CS 161. Computer Science I. 4 Credits.
Introduces the concepts of computer science. Explores problem solving, algorithm and program design, data types, loops, control structures, subprograms, and arrays. Introduces writing programs in a high level programming language. Surveys current social and ethical aspects of computer science. Recommended: MTH 111, WR 121, and CS 160. Audit available. This course fulfills the following GE requirements: Science, Math, Computer Science/AAOT, Science, Math, Computer Science/AS, Science, Math, Computer Science/AAS, Science, Math, Computer Science/AGS.
CS 162. Computer Science II. 4 Credits.
Explores classes, pointers, dynamic memory, linear linked lists, multi-dimensional arrays, program correctness, verification, and testing. Recommended: MTH 112 and WR 121. Prerequisites: CS 140U and CS 161. Audit available. This course fulfills the following GE requirements: Science, Math, Computer Science/AAOT, Science, Math, Computer Science/AS, Science, Math, Computer Science/AAS, Science, Math, Computer Science/AGS.
CS 201. Computer Systems. 4 Credits.
Introduces computer systems from a software perspective. Provides an overview of C and assembly language programming and reading skills. Explores basic systems programming skills and tools to measure and improve program performance based on an understanding of key aspects of machine architecture. Prerequisite: CS 162. Recommended: CS 140U. Audit available.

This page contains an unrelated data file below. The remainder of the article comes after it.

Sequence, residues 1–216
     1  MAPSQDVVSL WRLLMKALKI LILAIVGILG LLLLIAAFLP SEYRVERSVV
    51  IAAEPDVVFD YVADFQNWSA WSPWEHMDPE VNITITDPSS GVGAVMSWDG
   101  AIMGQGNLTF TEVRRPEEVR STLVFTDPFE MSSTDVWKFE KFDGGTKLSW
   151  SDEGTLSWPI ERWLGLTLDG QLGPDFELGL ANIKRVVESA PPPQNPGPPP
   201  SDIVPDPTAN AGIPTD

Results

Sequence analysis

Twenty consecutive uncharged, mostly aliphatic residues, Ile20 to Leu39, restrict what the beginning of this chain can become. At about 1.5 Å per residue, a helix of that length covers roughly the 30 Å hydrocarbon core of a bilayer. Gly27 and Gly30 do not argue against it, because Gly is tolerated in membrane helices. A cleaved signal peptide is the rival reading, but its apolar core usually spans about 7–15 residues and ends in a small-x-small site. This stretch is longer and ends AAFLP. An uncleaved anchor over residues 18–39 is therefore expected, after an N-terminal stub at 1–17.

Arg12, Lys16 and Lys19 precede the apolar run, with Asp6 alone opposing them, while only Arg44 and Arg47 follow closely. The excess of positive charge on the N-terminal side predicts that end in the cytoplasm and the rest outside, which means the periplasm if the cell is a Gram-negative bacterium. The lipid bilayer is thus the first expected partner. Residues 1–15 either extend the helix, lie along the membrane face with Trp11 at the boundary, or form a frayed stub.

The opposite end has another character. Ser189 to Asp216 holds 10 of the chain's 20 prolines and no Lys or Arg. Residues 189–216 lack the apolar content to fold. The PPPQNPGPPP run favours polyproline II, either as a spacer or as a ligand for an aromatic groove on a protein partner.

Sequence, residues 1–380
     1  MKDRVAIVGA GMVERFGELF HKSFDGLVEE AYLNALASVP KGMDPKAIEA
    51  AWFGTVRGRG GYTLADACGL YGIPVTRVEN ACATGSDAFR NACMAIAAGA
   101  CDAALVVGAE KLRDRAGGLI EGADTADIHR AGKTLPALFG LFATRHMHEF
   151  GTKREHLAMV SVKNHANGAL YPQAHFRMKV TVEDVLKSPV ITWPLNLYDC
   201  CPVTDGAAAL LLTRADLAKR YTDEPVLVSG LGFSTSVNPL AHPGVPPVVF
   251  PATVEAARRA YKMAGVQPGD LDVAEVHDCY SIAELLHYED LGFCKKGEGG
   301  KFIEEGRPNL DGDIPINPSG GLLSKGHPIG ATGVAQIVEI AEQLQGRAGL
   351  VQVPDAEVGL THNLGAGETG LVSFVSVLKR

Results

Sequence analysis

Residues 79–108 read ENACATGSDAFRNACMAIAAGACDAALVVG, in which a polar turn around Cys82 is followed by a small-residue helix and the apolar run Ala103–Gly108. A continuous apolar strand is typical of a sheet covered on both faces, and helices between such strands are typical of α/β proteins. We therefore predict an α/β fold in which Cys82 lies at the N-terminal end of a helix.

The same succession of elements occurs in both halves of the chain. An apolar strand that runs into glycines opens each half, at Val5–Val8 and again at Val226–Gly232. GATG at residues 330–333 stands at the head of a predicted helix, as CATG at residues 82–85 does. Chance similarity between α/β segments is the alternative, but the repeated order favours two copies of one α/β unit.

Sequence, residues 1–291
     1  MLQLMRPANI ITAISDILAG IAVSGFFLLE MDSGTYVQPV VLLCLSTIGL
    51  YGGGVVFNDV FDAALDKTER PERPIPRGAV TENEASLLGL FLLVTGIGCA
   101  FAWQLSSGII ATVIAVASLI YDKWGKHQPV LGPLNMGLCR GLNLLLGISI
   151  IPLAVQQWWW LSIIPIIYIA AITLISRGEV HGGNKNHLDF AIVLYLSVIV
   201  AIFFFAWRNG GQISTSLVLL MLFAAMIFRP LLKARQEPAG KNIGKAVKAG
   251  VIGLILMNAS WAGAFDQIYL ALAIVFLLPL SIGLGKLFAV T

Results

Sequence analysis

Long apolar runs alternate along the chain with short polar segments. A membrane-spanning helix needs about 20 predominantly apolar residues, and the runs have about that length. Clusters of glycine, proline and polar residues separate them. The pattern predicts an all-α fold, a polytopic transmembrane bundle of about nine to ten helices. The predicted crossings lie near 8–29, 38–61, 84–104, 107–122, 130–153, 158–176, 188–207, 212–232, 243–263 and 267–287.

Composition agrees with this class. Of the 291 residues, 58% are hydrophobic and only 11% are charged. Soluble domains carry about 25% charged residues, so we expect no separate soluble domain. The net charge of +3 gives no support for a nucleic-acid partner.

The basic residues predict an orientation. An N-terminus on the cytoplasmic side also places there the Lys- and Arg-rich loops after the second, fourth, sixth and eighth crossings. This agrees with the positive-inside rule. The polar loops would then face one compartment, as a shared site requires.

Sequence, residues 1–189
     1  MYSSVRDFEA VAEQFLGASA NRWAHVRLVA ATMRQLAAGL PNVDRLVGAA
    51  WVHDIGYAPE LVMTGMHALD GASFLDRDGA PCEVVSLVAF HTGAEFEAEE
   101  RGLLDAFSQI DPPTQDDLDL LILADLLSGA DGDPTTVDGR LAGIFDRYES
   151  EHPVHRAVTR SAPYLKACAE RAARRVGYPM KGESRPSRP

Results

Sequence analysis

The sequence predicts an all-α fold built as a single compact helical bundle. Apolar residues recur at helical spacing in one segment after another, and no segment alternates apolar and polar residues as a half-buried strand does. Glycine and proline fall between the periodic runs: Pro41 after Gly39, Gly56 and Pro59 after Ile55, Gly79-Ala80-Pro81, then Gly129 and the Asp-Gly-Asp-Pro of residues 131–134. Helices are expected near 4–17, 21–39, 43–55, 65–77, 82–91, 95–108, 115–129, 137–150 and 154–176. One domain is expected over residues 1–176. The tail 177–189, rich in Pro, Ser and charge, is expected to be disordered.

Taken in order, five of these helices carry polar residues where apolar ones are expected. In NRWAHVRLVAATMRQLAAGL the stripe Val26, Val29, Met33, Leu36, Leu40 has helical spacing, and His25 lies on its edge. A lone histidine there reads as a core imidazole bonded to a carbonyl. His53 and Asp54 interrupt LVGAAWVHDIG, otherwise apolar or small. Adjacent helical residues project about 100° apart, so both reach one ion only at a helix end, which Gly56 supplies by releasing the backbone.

CS 233G. Game Programming. 4 Credits.
Introduces object-oriented architectures and software design patterns used for game design. Explores a game engine software framework to design and implement several kinds of games, animation techniques, physics simulation, user controls, graphical methods, and intelligent behaviors. Recommended: one term of a programming language such as C, C++, Java or C#. Audit available.
CS 250. Discrete Structures I. 4 Credits.
Introduces discrete structures and computational techniques in the areas of first-order logic, discrete proofs, number theory, sequences, induction, recursion, and set theory. Prerequisite: MTH 111, CS 161. Audit available.
CS 251. Discrete Structures II. 4 Credits.
Introduces discrete structures and computational techniques in the areas of functions, relations, probability, graph theory, algorithm analysis, and finite state automata. Prerequisite: CS 250. Audit available.
CS 260. Data Structures. 4 Credits.
Explores stacks, queues, lists, vectors, hash tables, graphs, trees and algorithms including sorting, searching, iterating over data structures and recursion. Prerequisite: CS 162. Audit available.
CS 261. Programming Systems. 4 Credits.
Explores the theory and practice of object-oriented programming as embodied in both Java and C++. Introduces inheritance, polymorphism, virtual functions, templates, exceptions, operator overloading and the extensive libraries that are available as a standard part of Java and C++. Prerequisite: CS 260. Audit available.